Summers End - A Fingerstyle Guitar Lesson in D.
Summers End - The Lesson explained
This is one of my compositions from many many moons ago. A Sydney ad agency commissioned me to come up with an 'anthem' for one of their big clients. This is what I came up with. Of course, the arrangement I submitted was orchestral, with strings and french horns and a big sound, but I always did like the bare, unadorned acoustic guitar version. I also did another YouTube version of it here with a slide guitar overdub.
It's in D and it's in Dropped D tuning, so don't forget to lower that bass string down from E to D.
It's pretty straight forward, really. The slow tempo makes it quite easy to move around the fretboard.
Musically, it's pure diatonic. No outside chords, they're all from the D family of chords, in fact they're all there except for the vi chord (which would be C#mb5). You might notice that recurring part where a A/G is followed by a G/A.
So that's an A7 chord first, with the 7 as bass note. It's a 'third inversion' of A7. (More on inversions here.)
The next chord, the G/A (pronounced "G over A") can also be called A11.
The middle eight, for lack of a better term, starts at bar 17. I've called that first grip 'Bm'. Technically, those notes spell out a Gmaj7, but I want it to function as a Bm, a vi chord, so that's what I named it. That open G string is a #5 of B, but you can't really call it a Bm augmented. It is what it is!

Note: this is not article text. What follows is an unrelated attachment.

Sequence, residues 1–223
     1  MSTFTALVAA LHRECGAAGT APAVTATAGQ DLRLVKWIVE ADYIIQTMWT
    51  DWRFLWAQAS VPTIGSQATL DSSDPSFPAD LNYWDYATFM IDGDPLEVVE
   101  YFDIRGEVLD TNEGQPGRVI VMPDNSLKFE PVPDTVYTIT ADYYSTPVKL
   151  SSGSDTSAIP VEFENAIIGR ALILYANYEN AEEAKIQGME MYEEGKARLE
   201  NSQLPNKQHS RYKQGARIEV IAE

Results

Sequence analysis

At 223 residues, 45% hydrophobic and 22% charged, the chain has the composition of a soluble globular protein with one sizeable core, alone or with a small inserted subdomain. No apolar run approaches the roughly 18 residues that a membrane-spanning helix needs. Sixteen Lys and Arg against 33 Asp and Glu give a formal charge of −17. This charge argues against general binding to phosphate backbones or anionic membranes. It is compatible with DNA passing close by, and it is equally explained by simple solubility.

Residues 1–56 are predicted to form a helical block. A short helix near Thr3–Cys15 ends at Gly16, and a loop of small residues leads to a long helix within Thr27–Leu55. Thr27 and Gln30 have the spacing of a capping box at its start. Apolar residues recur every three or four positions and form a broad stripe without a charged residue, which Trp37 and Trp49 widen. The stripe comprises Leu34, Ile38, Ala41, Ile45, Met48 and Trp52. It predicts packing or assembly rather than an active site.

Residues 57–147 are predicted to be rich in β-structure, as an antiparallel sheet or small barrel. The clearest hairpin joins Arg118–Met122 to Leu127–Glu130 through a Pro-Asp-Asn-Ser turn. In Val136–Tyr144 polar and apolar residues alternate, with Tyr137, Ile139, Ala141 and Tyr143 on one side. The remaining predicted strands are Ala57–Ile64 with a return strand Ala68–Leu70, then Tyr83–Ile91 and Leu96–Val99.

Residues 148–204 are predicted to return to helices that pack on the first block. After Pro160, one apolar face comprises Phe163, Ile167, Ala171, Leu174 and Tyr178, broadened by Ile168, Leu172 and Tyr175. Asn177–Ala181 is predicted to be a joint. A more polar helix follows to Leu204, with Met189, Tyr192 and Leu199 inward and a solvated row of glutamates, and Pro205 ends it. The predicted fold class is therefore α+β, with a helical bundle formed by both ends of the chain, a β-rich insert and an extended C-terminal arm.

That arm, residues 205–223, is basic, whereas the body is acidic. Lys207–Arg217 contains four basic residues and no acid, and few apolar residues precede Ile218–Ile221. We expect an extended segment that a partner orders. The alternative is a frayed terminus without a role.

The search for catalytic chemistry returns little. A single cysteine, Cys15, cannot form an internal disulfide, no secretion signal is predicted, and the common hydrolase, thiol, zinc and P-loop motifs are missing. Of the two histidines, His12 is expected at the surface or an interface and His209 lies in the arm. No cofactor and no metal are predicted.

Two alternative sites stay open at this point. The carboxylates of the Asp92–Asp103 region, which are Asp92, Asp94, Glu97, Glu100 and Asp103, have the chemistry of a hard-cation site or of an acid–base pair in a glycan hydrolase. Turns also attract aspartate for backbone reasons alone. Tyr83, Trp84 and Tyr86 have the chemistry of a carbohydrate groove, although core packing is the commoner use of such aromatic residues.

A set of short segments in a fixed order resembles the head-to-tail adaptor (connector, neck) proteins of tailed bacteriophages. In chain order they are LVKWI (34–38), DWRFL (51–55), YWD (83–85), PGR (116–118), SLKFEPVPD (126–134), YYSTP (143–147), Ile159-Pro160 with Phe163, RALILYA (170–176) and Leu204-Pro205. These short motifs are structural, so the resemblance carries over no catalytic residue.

The Em, to be strictly correct, should be named Em9, it's got that F# note on the 4th string. It's really more of a melody line over an Em chord.
There are a few sections where the open strings come into play, watch out for them. I do like inserting those open strings into arpeggios, I love the way they ring on over the fretted notes.
This one should be fairly easy to get down. I hope you enjoy it, it's fun to play, especially that little section where bar 17 meets bar 18 (happens again at 21 - 22). You'll know it when you get there.
Remember too that all the positions I use in all the lessons I post make perfect logical sense if you know the lesson my PlaneTalk Package teaches. It's OK to simply copy what I'm doing by counting the number of frets up from the nut, or keeping track using the fretboard dots, there's nothing wrong with doing that. But knowing the fretboard utterly and completely, literally seeing the logic of it all down there, makes it so much better. It's not difficult ... once you know how! The basic landmark I'm 'seeing' down there is as simple as it gets, in fact you already know it, but it truly is all-powerful and can become your best friend for ever more, no matter what aspect of playing the guitar you're wondering about. Check it out here.
As well as putting together these free guitar lessons, I am also the author of PlaneTalk - The Truly Totally Different Guitar Instruction Package, which teaches a mindset, a way of thinking about music and a way of tracking it all on the guitar fretboard. Yes, there IS a constant down there in the maze of strings and fret wire, a landmark that points to everything at all times. I call it The Easiest Yet Most Powerful Guitar Lesson You Will Ever Learn and many testimonials at my site will back up that rather superlative description. If your goal as a guitar player is to be able to truly PLAY the guitar, not just learn by rote; to be able to invent on the fly, not memorize every note; to be able to see the WHOLE fretboard as friendly, familiar territory, not just the first 5 frets and to do it all without thinking about all those scales and modes, then you should read more here.